In research news, Indiana University-Purdue University Indianapolis is one of nine universities to share in $2.7 million in federal funding for research projects that will support the continuing innovation and development of clean-coal technologies.
The Richard G. Lugar Center for Renewable Energy in the Purdue School of Engineering and Technology at IUPUI won a $293,519 U.S. Department of Energy award to research a manufacturing process to improve the high-temperature corrosion resistance coatings on turbine blades and other components used in coal-fired power plants, school officials have announced.
The Lugar Center will research the production of novel high-temperature oxide-based double-layer thermal barrier coatings. Compared with conventional thermal barrier coatings, the proposed novel oxides have demonstrated lower thermal conductivity and better thermal stability -- characteristics crucial to extending the life and improving the performance of turbine components used in advanced coal-fired plants. These novel coating materials can tolerate the harsh operating temperatures in power generation equipment and can potentially enable operation at conditions that would improve generation efficiency, conserve fuel and reduce carbon pollution.
Under the supervision of principal investigator Jing Zhang, the Lugar Center, including student researchers, will collaborate with Praxair Surface Technologies of Indianapolis, Indiana to design and fabricate the novel high-temperature oxide-based coatings, evaluate and characterize the coating properties in real-operating conditions, and develop computational models to study the coating performance.
"We're thrilled to be selected by the Department of Energy as one of the nine universities in the country to help advance American clean-coal technologies," said Zhang, assistant professor in the Department of Mechanical Engineering at IUPUI and faculty researcher at the Richard G. Lugar Center for Renewable Energy.
"Together with Praxair Surface Technologies, we'll leverage our advanced energy research strengths to develop novel thermal barrier coatings for key components of stream turbines used in electric power generation -- a technology that can lead to longer component lifetimes, greater reliability and eventually lower production costs for electricity.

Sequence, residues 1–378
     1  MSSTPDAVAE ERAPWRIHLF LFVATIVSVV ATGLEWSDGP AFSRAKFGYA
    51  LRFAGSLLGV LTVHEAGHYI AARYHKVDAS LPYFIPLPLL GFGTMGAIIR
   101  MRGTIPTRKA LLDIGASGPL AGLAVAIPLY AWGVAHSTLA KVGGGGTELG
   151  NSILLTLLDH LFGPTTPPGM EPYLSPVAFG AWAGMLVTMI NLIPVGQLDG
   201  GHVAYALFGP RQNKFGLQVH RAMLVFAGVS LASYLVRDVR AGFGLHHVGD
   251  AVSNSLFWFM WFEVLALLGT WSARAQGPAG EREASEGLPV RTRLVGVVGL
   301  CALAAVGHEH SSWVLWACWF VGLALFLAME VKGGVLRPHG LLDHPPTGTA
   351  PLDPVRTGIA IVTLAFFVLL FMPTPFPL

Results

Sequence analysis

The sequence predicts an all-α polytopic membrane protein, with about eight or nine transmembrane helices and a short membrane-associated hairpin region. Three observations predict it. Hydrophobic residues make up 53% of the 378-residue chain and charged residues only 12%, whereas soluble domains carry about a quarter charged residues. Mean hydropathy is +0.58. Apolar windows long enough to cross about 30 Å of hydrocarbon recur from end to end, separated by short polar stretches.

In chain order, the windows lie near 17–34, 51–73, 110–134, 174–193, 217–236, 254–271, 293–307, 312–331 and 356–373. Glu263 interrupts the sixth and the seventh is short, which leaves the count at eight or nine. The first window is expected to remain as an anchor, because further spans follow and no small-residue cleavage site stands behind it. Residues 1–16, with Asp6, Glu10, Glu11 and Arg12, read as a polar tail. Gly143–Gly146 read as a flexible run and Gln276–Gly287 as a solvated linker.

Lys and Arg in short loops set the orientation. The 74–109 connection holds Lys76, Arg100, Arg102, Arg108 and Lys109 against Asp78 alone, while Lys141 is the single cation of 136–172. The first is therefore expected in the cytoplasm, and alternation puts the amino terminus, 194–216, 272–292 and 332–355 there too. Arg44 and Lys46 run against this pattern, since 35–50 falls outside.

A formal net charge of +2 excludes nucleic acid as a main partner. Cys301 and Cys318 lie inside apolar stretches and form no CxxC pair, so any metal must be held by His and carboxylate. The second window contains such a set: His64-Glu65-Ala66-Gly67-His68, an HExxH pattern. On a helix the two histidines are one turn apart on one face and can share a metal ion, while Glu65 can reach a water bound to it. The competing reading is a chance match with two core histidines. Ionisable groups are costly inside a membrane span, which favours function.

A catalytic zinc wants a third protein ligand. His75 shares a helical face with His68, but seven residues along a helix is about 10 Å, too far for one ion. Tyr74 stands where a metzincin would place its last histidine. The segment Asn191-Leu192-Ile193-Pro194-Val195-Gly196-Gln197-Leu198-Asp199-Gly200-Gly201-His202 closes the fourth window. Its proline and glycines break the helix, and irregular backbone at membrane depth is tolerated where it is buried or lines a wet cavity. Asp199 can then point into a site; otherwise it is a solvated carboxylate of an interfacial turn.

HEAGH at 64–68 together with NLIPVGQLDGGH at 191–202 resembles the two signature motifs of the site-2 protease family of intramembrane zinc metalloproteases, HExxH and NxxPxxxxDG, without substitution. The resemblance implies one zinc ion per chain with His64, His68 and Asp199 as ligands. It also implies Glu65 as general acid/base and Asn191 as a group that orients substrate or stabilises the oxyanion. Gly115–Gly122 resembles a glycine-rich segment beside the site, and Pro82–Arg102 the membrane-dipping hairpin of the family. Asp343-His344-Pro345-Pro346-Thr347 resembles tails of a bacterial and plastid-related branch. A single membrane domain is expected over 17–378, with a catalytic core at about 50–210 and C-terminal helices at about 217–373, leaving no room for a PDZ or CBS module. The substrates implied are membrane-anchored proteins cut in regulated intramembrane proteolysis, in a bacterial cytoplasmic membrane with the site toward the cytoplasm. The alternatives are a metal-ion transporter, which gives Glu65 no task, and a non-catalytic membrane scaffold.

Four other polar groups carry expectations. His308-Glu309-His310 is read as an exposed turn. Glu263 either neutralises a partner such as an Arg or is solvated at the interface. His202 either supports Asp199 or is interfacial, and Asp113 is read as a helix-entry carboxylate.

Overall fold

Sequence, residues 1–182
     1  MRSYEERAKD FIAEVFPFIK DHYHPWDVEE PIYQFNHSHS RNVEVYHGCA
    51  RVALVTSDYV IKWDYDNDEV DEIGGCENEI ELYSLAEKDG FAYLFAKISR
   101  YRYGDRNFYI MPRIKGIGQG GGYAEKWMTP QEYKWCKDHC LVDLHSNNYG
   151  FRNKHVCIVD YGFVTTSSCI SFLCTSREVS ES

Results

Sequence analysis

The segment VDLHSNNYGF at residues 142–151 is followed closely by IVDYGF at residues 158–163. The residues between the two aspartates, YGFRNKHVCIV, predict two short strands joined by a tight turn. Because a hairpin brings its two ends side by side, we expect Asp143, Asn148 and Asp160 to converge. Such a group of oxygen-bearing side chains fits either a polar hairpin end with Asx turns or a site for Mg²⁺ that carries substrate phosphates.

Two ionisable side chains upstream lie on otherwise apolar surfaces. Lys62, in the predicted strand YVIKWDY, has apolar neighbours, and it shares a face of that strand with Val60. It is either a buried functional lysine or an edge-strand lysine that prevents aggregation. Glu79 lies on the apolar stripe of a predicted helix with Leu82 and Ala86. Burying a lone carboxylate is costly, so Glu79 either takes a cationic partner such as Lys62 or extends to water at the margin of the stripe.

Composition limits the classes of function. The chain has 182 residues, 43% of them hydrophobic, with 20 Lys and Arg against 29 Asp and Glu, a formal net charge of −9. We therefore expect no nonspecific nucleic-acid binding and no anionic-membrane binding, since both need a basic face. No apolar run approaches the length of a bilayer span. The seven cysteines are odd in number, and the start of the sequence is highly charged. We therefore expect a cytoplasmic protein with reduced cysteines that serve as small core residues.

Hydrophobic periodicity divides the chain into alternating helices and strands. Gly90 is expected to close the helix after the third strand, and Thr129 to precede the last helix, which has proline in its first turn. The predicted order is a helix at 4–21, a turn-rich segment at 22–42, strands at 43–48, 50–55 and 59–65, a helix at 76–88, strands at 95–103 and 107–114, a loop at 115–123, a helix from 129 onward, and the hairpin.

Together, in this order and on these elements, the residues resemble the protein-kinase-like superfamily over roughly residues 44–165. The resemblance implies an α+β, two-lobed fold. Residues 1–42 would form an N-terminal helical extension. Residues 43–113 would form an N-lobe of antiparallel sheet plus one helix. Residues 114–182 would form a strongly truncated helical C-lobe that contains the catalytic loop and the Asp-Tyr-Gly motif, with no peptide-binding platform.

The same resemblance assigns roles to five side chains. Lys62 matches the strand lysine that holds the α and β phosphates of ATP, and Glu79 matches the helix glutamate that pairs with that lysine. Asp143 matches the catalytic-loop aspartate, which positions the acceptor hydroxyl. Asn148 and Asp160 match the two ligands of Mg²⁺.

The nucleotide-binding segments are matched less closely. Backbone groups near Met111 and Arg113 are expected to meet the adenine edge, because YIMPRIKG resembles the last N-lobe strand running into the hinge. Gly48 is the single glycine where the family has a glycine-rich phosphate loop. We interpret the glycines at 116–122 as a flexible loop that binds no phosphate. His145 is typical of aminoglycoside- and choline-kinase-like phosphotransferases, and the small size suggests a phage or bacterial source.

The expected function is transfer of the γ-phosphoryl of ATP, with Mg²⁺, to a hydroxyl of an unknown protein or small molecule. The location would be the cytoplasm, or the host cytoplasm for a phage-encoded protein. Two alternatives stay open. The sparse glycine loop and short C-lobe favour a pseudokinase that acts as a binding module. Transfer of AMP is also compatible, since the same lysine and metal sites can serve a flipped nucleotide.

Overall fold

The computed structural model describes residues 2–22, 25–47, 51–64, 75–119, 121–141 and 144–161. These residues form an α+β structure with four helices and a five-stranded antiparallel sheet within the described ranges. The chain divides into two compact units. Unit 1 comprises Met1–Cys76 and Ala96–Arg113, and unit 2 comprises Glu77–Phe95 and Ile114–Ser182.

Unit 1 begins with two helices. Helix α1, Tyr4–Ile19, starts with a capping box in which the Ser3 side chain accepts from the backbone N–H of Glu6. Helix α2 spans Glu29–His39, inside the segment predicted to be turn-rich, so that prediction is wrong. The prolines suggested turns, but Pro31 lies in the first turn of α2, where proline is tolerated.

"These results could benefit any type of power plant that uses heat, including those which run on coal, uranium, biomass, municipal solid waste or concentrated solar power. Ultimately, our goal is to contribute to the improvement of our national energy security."
The university research projects funded include those that will focus on the development of high-temperature, high-pressure corrosion-resistant alloys, protective coatings and structural materials for advanced coal-fired power plants and gas turbines, as well as projects to develop new processes and computational design methods to develop these materials, improve efficiency and reduce the costs of cleaner power generation systems.
In other news, Agriculture Secretary Tom Vilsack announced the proposed addition of 12 biobased product categories to become eligible for Federal procurement preference. Once the proposed rule is finalized, more than 2,300 additional biobased products will be offered for preferred purchasing consideration by all Federal government agencies and contractors. The proposed rule is published in the Federal Register...more
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Industrial Nanotech, Inc. announced that the Company's plan to open a Corporate sales office in India is making significant positive progress. The company has already begun filling sales orders from new India manufacturing customers and has forged an alliance with an established equipment manufacturer in Bangalore who will act as a sales representative and applicator...more
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Arkema Rilsan® Fine Powders exhibited at Aquatech China 2012 in a joint booth with distributor Huipu from June 6 to June 8 at the Shanghai World Expo Exhibition & Convention Center. Arkema focused on "Rilsan® Polyamide 11 coating: an alternative to stainless steel to cut costs (CAPEX and OPEX) in the water industry...more
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And finally, the front door is the optical visiting card of the house and one of the most important architectural design elements of the facade. This means: They should be glossy! This is why ADLER has the Aquawood-Protor system that has been making the entrance a successful one since two years, and soon with a shimmering finish: Aquawood Protor-Finish Pearl gives the front door the gloss that it deserves...more